It's like this you come up to a fork in the road, in one universe you go right in another universe the branches off of yours you go left and both the universe where you go right and the newly created one where you go left both continue of their merry little ways both continuing to existing.

Now knowing this and the fact that Trek has shown that this is the case in the existance of alternate realities in their multiverse we now apply this factor to NuTrek, for this pupose I will refer to one universe as Abrams 1 and Abrams 2 to avoid confusion.

Now

In the universe I am refering to as Abrams 1, in the year 2387 the Hobus star's supernova is threatening the universe. Spock Prime prevents this by detonating a drop of red matter in the star and thus causing a black hole that destroys said star, after this Spock and Nero the pissed off Romulan get pulled into the black hole and wind up in the past which is altered by Nero.

Now for the mind blowing part.

In the universe I'm calling Abrams 2 an alternate reality the branches off from Abrams 1, Spock Prime destroys Hobus, he and Nero are not pulled into the black hole and do NOT go back in time and Nero does NOT fuck up the time line.

In conclusion becuase a newly created universe branches off from the Prime universe inwhich Spock and Nero DON'T go back in time, the Prime Universe still exists and we can stop arguing about it.
That's all very interesting, but the movie suggests none of this.
Nothing except the rules handed down by previous incarnations of Trek that your argument in the case of time travel need to have occured to have an argument.

This can also explain why Spock Prime doesn't try to restore the timeline becuase in the century since his last trip through time he picked he read up on quantum realities and how they are formed and figured his old timeline is still around in some form and figured trying to fix it probably wasn't worth the trouble since in some form IT STILL EXISTS.
Then why do anything?

Ah, well, I can put off washing the dishes then, because in an alternate reality, I already have. Or at least used paper plates.
Becuase Spock is not a total bastard who only helps people if it's good for his universe hence my other theory about damage control in place of trying to do something he does not have the equipment to pull off.

Last edited by M'Sharak; July 6 2009 at 03:16 AM. Reason: removed extra close-quote tag
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Old July 6 2009, 03:06 AM   #2494
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Re: The Official STAR TREK Grading & Discussion Thread [SPOILERS]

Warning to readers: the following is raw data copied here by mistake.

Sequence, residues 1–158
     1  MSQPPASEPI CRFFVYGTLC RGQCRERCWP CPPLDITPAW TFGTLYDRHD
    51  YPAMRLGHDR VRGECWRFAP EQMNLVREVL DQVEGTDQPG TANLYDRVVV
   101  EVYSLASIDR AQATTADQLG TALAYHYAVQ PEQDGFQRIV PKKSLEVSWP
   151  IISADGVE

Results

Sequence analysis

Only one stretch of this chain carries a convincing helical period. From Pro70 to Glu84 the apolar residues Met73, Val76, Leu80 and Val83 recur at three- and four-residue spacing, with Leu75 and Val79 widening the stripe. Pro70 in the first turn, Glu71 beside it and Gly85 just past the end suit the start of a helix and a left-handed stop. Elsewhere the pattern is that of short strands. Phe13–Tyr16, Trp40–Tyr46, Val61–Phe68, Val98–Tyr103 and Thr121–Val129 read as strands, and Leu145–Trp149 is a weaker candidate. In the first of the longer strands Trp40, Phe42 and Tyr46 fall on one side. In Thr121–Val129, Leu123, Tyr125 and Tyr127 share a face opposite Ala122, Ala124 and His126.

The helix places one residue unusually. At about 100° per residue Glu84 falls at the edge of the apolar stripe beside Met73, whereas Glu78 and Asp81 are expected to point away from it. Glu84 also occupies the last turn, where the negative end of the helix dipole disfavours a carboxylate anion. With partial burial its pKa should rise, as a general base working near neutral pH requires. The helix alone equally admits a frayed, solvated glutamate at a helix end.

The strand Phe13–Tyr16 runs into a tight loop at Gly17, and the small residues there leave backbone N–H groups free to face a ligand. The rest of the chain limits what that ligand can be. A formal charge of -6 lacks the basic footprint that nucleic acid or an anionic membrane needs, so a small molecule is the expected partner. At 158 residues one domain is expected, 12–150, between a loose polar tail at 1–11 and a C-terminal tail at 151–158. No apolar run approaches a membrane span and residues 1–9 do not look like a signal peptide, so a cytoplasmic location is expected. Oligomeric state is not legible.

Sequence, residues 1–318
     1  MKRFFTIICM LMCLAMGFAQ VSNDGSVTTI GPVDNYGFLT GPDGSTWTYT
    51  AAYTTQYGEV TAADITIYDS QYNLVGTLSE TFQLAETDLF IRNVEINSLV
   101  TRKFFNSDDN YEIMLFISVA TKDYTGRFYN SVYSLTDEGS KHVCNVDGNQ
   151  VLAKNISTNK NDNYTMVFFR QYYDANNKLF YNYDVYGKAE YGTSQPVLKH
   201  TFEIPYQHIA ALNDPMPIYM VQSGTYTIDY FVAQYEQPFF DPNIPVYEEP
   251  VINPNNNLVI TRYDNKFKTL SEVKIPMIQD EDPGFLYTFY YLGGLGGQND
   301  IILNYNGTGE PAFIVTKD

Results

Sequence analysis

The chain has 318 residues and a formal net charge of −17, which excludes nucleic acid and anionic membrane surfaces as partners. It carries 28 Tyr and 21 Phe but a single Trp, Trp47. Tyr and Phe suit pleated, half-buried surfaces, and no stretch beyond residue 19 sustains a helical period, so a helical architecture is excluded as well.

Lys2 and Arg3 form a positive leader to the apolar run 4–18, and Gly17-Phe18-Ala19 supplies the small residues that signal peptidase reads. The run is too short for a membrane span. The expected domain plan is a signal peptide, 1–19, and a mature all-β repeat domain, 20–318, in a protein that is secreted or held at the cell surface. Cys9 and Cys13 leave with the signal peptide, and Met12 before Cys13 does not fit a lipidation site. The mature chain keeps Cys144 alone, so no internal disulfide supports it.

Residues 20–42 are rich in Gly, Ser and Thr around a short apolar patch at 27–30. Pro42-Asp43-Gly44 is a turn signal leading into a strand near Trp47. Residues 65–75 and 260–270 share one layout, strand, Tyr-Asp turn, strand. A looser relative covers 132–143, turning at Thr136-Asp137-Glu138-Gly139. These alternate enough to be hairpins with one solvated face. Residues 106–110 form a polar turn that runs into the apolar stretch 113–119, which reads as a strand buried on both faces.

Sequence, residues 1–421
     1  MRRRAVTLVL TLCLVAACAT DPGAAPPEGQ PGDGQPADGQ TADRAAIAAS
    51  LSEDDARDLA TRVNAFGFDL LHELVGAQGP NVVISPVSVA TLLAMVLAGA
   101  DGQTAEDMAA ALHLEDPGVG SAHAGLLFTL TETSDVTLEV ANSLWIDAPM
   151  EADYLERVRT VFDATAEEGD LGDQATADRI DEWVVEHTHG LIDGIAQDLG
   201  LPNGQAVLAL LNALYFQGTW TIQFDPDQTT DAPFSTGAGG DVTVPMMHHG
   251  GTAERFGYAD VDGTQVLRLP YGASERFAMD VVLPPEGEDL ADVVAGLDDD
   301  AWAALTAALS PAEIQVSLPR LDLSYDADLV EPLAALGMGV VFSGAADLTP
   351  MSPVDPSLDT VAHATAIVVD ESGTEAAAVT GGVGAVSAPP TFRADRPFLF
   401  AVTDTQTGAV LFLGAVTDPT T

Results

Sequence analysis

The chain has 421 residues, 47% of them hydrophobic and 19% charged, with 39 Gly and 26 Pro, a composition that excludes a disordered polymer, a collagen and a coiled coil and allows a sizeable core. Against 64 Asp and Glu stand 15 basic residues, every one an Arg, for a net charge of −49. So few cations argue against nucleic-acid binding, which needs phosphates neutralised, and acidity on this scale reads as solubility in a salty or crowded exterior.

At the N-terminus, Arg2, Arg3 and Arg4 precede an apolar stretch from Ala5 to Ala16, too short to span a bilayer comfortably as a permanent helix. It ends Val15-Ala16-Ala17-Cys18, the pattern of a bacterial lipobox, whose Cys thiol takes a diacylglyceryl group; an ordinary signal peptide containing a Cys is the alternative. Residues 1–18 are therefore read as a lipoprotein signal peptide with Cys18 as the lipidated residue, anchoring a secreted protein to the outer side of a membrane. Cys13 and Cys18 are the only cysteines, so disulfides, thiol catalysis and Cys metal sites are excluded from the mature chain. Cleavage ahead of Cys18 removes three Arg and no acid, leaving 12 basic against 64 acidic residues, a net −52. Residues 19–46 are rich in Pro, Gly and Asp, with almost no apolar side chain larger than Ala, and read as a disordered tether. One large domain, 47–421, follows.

How many episodes did Spock actually express a desire/ need to go back and fix messed up timelines? Just because Spock has been involved with crews that would fix the timeline when given the chance doesn't mean that he would actually do it when given an opportunity to do so on his own. I'm failing to see how this is Spock doing something out of character.

Also, there is just as much Star Trek evidence to support parallel timelines as there is to support one replacable timeline. Any episode where people come from the future to fix timeline screwups... if the timeline got replaced, then they should have been erased and never realise that there was a problem. Carpenter Street from Enterprise- humanity from anytime after the Xindi arrived in the past should have ceased to exist because as soon as the Xindi arrived, they should have changed the timeline, which would have prevented anyone from being alive enough to go back in time to stop them. At this point, there is no real way to argue which way or theory is right, because Star Trek has supported both of them, even at the exact same time!
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Old July 6 2009, 03:40 AM   #2495
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Re: The Official STAR TREK Grading & Discussion Thread [SPOILERS]

archeryguy1701 wrote: View Post
How many episodes did Spock actually express a desire/ need to go back and fix messed up timelines? Just because Spock has been involved with crews that would fix the timeline when given the chance doesn't mean that he would actually do it when given an opportunity to do so on his own. I'm failing to see how this is Spock doing something out of character.